# R | Slicing and Extracting Data

### Indexing Vectors

• x[n] nth element
• x[-n] all but the nth element
• x[1:n] first n elements
• x[-(1:n)] elements from n+1 to the end
• x[c(1,4,2)] specific elements
• x[“name”] element named “name”
• x[x > 3] all elements greater than 3
• x[x > 3 & x < 5] all elements between 3 and 5
• x[x %in% c(“a”,”and”,”the”)] elements in the given set

### Indexing Lists

• x[n] list with elements n
• x[[n]] nth element of the list
• x[[“name”]] element of the list named “name”
• xname id
| | Category: R

# R Objects: Data Types

• ##### OBJECTS
• R has five basic classes of objects:
1. Character
2. Numeric
3. Integer
4. Complex
5. Logical

However, the most basic object is a vector.

• There are two things which you should remember when dealing with vectors.
1. A vector can only contain objects of the same class.
2. AND there is an exception to this, a list. A list looks like a vector, but can have different classes.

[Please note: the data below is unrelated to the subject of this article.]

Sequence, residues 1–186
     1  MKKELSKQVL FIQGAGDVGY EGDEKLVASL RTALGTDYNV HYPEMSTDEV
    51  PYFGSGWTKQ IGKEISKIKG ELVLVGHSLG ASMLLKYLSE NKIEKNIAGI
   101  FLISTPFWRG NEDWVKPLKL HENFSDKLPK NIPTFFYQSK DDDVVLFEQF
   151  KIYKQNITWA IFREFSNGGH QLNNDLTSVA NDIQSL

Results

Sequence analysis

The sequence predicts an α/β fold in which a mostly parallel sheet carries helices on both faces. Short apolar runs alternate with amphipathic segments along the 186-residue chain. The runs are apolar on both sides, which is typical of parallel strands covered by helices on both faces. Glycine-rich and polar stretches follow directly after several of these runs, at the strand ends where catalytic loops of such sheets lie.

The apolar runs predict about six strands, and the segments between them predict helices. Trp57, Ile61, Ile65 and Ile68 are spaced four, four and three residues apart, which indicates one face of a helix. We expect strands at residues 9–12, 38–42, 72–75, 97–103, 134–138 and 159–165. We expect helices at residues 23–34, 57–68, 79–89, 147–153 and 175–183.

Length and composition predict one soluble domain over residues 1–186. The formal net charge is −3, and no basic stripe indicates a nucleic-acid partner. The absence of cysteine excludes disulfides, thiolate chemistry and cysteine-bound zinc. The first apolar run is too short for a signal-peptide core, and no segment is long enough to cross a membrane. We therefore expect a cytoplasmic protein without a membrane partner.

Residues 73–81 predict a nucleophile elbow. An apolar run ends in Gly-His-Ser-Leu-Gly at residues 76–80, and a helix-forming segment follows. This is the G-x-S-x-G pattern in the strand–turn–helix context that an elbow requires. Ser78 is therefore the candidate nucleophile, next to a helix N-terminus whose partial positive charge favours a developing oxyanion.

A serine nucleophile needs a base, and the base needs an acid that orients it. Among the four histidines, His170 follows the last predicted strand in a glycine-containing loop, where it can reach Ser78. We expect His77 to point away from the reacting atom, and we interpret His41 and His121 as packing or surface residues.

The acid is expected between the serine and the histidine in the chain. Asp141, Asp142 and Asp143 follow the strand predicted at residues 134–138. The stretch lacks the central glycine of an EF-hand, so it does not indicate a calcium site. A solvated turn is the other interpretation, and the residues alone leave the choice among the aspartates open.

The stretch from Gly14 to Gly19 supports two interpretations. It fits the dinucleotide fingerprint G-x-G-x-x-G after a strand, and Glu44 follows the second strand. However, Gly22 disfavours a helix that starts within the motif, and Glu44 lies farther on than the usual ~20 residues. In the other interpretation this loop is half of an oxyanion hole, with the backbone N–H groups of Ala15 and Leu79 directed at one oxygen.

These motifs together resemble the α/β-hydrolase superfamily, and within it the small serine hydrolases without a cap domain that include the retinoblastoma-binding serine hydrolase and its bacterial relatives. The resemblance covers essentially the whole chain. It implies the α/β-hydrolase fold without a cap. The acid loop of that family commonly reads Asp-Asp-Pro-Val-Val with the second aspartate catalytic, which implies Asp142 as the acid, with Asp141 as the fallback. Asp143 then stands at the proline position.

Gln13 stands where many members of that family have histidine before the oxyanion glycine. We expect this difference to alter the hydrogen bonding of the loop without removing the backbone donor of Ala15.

To create an empty vector use the following function:

 `vector()`
Vectors can be created by using the following:
 ```c() # used to concatenate individual values together : # to create a sequence, such as 1:10 seq() # to create more complex sequences rep() # replicates values sort() # ordering elements in a vector order() # ordering elements in a vector```

An example of using rep()

 ```rep(5,2) #a vector of two fives [1] 5 5```

An example of using c()

 ```c(3,2,1) # vector of three numeric elements in that order [1] 3 2 1```

An example of using seq()

 ```seq(4,20, by = 2) [1] 4 6 8 10 12 14 16 18 20 seq(1,length = 20, by =4) [1] 1 5 9 13 17 21 25 29 33 37 41 45 49 53 57 61 65 69 73 77```
| | Category: R